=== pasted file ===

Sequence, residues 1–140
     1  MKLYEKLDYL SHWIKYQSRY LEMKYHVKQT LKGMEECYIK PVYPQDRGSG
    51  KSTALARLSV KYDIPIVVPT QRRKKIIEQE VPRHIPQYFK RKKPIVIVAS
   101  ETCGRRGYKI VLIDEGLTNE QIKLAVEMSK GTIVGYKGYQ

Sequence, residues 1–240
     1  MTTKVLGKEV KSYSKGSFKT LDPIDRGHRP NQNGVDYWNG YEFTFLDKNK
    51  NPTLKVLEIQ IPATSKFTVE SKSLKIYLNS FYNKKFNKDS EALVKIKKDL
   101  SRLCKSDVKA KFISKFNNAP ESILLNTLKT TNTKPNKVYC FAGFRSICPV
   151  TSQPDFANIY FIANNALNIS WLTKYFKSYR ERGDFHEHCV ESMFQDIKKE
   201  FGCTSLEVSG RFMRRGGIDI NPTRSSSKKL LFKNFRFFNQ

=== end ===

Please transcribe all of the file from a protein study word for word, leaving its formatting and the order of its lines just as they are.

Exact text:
Sequence, residues 1–140
     1  MKLYEKLDYL SHWIKYQSRY LEMKYHVKQT LKGMEECYIK PVYPQDRGSG
    51  KSTALARLSV KYDIPIVVPT QRRKKIIEQE VPRHIPQYFK RKKPIVIVAS
   101  ETCGRRGYKI VLIDEGLTNE QIKLAVEMSK GTIVGYKGYQ

Sequence, residues 1–240
     1  MTTKVLGKEV KSYSKGSFKT LDPIDRGHRP NQNGVDYWNG YEFTFLDKNK
    51  NPTLKVLEIQ IPATSKFTVE SKSLKIYLNS FYNKKFNKDS EALVKIKKDL
   101  SRLCKSDVKA KFISKFNNAP ESILLNTLKT TNTKPNKVYC FAGFRSICPV
   151  TSQPDFANIY FIANNALNIS WLTKYFKSYR ERGDFHEHCV ESMFQDIKKE
   201  FGCTSLEVSG RFMRRGGIDI NPTRSSSKKL LFKNFRFFNQ